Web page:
Want to get even more out of your server? Nathan Taylor looks at 10 apps that make your home server go above and beyond.
So you've set up some file and print sharing on your home server. Media services, too, to get your Xbox and PlayStation in on the act. But now you're looking to have your box do more. Below, we've listed 10 apps that you should think about installing on your server as well. These include automatic downloaders, unique media services, a game server and even a full web OS. And if that's not enough, check out our guide to using uTorrent remote on page 46 as well as our guide to setting up your server as a camera security hub on page 48.
There are a number of solutions for streaming media to generic DLNA devices, but so very few that work well with mobile devices like phones and tablets. Plex Media Server is a rare exception. It's a media server with strong library features and it works very smoothly with the excellent Plex clients for PC, Mac, Android and iOS (the last two are available on the Google Play or Apple App Store for a small charge; the server and PC client is free). Plex shares a lot of DNA with the awesome XBMC. It was originally a Mac-based offshoot of that project, but evolved into a multi-platform project all of its own. If you want a turnkey solution for streaming your media collection to mobiles and PCs — and you're happy to use the Plex clients rather than a third-party solution — it's definitely worth downloading. Thanks to the myPlex service, it can also stream your media library to remote clients, including family members anywhere in the world.
Icecast lets you effectively set up your own net radio channel, either for public or private consumption. It streams audio from your server to those who wish to listen — it can either be based on a live stream from your sound card or from a programmed MP3, AAC or OGG playlist. You can listen to a cast using Nullsoft's Winamp or through a variety of other SHOUTcast clients.
MLDonkey is a peer-to-peer network downloader with a twist: it operates in an entirely client-server mode. There are definite benefits to having a server-based peer-to-peer application, notably the ability to queue downloads from anywhere, even a mobile client, as well as preventing multiple P2P clients from flooding routers. As the name suggests, MLDonkey supports the eDonkey P2P network, but it also supports downloading from BitTorrent, FastTrack and even some more obscure networks like SoulSeek and DC++. It runs silently as a daemon or service on the server, while local apps can be installed on as many client devices as you like. These local apps control and queue downloads, but all the downloading happens on the server itself. There are MLDonkey interface apps available for just about every platform, with the notable exception of iOS; but even iOS users can access it using a web interface.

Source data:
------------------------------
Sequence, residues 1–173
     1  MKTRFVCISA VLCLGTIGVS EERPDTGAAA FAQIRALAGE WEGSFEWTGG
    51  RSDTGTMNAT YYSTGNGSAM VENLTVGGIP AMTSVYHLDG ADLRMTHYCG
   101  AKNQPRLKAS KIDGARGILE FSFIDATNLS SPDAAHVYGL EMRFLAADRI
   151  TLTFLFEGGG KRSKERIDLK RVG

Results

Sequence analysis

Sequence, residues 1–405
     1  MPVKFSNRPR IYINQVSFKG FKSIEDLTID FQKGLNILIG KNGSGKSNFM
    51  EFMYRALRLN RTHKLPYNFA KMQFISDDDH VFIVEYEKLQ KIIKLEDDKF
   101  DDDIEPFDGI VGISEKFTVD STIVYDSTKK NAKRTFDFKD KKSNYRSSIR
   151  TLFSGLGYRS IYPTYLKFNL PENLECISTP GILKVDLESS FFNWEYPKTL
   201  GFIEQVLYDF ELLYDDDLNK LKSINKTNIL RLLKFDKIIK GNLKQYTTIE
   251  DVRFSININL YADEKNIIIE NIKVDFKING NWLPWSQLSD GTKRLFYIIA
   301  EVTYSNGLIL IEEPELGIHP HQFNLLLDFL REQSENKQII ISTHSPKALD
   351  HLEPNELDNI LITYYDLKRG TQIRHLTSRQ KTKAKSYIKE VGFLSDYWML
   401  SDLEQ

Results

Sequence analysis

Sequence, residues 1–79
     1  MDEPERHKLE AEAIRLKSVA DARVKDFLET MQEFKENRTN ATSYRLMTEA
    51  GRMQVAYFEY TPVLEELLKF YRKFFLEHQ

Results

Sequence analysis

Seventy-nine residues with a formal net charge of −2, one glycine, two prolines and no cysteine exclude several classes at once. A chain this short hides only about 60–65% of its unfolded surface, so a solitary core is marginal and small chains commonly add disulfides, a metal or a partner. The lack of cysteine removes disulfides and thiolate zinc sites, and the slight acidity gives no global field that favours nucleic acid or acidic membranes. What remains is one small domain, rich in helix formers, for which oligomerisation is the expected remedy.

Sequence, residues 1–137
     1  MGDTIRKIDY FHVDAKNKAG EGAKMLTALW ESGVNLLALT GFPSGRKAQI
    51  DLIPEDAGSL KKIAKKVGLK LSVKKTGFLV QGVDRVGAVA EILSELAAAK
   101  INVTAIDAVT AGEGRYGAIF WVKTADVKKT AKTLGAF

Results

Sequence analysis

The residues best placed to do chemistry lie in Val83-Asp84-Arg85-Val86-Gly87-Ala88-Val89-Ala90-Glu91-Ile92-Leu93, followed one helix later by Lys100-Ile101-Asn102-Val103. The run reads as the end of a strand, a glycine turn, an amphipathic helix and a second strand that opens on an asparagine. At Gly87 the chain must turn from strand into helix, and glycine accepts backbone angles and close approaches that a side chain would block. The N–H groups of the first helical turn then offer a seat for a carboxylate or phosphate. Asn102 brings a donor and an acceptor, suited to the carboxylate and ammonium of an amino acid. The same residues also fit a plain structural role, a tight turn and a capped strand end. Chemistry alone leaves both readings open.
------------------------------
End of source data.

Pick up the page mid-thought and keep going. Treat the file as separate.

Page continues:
pyLoad is a download manager in the vein of JDownloader or FreeRapid: it queues and automates downloading from a variety of web services, including most of the major file hosts (sites like RapidShare or the now defunct Megaupload) as well as services like YouTube. It can also queue regular HTTP and FTP downloads. It supports CAPTCHA input — it will guess if it can, or ask the user if it can't — as well as premium accounts with file hosters. What sets pyLoad apart from the aforementioned JDownloader and FreeRapid is its client-server model. You can access pyLoad to add downloads or complete CAPTCHA queries through a web interface, and there's also an Android client you can download from Google Play.